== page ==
Horizon scanning to identify the emerging risks of the Belt & Road Initiative
By Dr Amy Hinsley
A new paper, led by researchers at the Chinese Academy of Sciences with collaborators in Oxford and more than 20 other institutions around the world aims to highlight the emerging issues related to the Belt and Road initiative (BRI). The BRI is the largest infrastructure project in human history, connecting China to the world via a network of road, rail and maritime links. While the implications of building a roads directly through pristine habitats may be obvious, there are numerous emerging issues that have not been recognised but which have the potential to have serious implications for environment and society.
The ‘Horizon Scan’ project aimed to explore important issues related to the BRI that have been overlooked or underestimated to date. This involved over 250 experts from all over the world, including several researchers from Oxford’s Wildlife Conservation Research Unit (WildCRU), submitting ideas to the project in late 2019. A group of core experts from different disciplines and sectors then met in Kunming in October 2019 to identify and prioritise the final issues. I was part of this group, due to my research at Oxford on the wildlife trade in China, and how the BRI is likely to expand both the illegal and legal wildlife trade to supply traditional medicine markets.
After three days of discussions in Kunming we identified a final list of 11 core issues that should be prioritised as the BRI develops. These range from issues related to connectivity, the disturbance of delicate habitats, and the impacts of geopolitical rivalries, as well as how they might be mitigated.
One of the core issues in the paper is the spread of invisible invasives, such as viruses, fungi and bacteria, facilitated by better infrastructure links. With the emergence of COVID-19 in early 2020, the world has been made acutely aware of how connected we are in the modern age. The BRI aims to strengthen this connectivity to enhance trade and development but the development of sensible biosecurity measures along BRI routes is needed to prevent the spread of these micro-organisms.
This connectivity and the expansion of Traditional Chinese Medicine could drive illegal wildlife trade, but also has the potential to support the expansion of sustainable wild-harvesting of medicinal plants. This issue is the most closely related to my research at Oxford, where I am working with key stakeholders in China to develop strategies to improve the sustainability of Traditional Chinese Medicine trade.
In addition to connectivity issues, we identified certain ecosystems that are likely to be particularly threatened, including limestone karsts destroyed to produce cement, the favoured road-building material in many BRI countries. Karsts have an incredible number of rare, endemic species including cave invertebrates, geckos, bats and orchids, but these ecosystems already lose almost 6% of their area annually. Without careful planning or the use of synthetic alternatives, increased demand for cement may drive many species to extinction. In addition to karsts, the Arctic silk road will place significant extraction pressures on this delicate region, freshwater ecosystems will likely become threatened by increased groundwater pumping, and coastal ecosystems will come under increasing pressure as BRI countries build new ports and reclaim wetlands to provide land for these projects. Efforts to mitigate environmental impacts of the BRI may also lead to the growth of “regreening” efforts that plant trees in places where they have ever grown, including deserts and other non-wooded systems that are critical for biodiversity.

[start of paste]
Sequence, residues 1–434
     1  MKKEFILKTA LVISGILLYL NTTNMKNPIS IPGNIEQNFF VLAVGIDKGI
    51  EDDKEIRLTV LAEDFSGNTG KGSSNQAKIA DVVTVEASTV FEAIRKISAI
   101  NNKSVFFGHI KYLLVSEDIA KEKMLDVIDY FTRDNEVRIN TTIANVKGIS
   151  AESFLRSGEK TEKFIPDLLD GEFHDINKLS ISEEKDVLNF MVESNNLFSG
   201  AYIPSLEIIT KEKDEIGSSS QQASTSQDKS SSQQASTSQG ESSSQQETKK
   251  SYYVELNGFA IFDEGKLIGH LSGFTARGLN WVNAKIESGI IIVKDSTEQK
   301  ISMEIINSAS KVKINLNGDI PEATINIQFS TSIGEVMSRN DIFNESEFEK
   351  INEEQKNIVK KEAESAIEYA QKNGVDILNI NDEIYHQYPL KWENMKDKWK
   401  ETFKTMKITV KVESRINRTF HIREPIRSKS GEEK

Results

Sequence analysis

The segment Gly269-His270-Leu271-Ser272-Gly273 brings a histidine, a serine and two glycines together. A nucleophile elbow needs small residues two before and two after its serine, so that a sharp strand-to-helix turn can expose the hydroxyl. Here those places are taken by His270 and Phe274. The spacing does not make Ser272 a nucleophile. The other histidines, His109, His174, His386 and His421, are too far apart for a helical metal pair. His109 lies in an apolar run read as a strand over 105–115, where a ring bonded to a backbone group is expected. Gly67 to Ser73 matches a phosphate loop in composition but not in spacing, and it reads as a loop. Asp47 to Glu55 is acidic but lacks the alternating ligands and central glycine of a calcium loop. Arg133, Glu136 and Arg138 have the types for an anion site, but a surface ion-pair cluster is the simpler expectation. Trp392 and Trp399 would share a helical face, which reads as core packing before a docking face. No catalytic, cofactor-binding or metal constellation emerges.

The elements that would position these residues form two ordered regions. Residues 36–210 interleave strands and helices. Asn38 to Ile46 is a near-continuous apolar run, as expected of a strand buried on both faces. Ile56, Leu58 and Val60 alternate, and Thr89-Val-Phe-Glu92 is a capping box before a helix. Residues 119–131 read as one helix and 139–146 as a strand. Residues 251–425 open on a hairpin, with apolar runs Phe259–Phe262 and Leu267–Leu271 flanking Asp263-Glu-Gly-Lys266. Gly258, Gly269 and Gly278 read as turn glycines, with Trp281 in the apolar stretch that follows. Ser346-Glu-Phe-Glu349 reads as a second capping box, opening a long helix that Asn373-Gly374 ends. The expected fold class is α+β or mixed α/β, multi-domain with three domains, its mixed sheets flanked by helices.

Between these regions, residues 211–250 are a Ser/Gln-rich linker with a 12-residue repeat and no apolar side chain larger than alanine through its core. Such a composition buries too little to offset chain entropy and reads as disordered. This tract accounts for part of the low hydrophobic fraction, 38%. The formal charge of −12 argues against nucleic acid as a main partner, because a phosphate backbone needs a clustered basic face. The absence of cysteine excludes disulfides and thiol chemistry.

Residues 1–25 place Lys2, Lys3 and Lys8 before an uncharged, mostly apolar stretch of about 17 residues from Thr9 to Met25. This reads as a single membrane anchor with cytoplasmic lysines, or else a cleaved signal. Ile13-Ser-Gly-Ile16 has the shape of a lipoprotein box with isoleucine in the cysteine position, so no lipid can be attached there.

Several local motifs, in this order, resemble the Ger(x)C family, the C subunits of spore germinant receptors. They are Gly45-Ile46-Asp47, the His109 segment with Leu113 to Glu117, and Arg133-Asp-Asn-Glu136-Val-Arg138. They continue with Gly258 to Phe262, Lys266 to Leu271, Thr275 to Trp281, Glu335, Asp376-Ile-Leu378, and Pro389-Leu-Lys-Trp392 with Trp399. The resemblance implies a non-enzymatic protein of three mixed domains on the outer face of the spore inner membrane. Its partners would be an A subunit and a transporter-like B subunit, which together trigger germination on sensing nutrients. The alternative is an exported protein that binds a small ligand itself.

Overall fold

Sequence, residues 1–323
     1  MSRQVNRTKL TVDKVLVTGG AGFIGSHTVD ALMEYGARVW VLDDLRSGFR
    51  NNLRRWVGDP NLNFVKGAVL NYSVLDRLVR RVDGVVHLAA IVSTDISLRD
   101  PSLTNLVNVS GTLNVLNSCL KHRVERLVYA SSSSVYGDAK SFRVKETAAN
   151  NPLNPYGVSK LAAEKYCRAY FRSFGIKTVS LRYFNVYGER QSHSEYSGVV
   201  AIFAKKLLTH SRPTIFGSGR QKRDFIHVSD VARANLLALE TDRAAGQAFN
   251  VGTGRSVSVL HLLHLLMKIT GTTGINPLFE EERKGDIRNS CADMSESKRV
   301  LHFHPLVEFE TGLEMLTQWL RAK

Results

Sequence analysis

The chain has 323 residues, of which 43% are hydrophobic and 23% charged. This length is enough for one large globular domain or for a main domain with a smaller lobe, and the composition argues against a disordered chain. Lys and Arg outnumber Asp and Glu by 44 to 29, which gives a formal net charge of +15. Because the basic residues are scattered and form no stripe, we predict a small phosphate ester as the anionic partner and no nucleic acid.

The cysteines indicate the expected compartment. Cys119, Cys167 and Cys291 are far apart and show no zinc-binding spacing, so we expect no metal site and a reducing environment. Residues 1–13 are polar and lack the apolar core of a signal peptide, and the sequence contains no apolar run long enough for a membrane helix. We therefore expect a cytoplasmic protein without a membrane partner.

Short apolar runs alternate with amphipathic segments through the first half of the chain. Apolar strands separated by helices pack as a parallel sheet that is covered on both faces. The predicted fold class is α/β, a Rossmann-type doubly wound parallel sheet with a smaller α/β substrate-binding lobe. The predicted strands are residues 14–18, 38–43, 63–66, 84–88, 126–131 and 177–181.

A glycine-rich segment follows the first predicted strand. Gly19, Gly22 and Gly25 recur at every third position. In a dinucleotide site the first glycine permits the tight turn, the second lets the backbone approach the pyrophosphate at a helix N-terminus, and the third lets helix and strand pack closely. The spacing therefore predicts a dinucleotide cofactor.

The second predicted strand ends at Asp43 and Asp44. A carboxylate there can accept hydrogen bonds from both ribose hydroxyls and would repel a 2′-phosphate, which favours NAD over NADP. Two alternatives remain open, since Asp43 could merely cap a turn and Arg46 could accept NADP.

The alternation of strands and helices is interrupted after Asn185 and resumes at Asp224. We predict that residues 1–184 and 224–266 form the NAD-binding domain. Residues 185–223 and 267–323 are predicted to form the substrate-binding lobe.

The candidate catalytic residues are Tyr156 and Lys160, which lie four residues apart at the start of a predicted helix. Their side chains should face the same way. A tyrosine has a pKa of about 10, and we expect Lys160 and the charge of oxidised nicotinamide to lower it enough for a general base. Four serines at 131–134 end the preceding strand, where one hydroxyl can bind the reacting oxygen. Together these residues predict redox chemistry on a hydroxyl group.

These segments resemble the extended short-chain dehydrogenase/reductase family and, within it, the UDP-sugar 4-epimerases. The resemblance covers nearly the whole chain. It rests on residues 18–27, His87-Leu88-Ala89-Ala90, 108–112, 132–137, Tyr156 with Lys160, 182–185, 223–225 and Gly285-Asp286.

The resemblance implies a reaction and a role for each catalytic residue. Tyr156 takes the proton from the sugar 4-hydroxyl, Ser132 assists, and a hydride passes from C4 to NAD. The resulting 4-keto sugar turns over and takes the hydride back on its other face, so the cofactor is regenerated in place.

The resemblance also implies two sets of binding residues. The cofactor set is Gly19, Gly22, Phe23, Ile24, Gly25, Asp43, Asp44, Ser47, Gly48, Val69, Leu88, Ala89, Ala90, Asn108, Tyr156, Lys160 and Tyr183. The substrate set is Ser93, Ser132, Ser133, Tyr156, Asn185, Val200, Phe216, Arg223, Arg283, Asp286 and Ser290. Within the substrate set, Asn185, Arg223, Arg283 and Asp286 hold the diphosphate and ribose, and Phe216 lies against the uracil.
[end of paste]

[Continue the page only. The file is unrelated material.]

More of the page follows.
From a geopolitical perspective, BRI projects have shown a trend of willingness to build infrastructure in conflict zones, which may present security risks and have wider social and environmental impacts. In addition, BRI projects must adequately consider the importance of indigenous land rights, as well as the role of culture in conservation of biodiversity bringing opportunities for more inclusive governance and partnership with local communities. It is also likely that geopolitical rivalry could make financiers take bigger financial risks, or fund less sustainable targets, as evidenced when the World Bank recommended funding large dams after twelve years due to pressure from new development banks. However, there is also the opportunity that these rivalries could drive the development of higher standards, and that the BRI as a whole could lead to a global rise in environmental and social standards.
Preventing the risks and realising the opportunities of the BRI will require new governance and leadership, approaches such as ecological redlines-which are already a core component of China’s vision of ecocivilisation, and the use of the over $32million Belt and Road science fund to provide the data to develop appropriate priorities and meet sustainability goals. Upgrading global environmental standards, and developing more cooperative modes of governance are prerequisite for ensuring a more sustainable and equitable BRI which helps safeguard the future of ecological systems and human societies.
Paper available here: https://www.cell.com/trends/ecology-evolution/fulltext/S0169-5347(20)30051-3
Learn more about Dr Amy Hinsley here.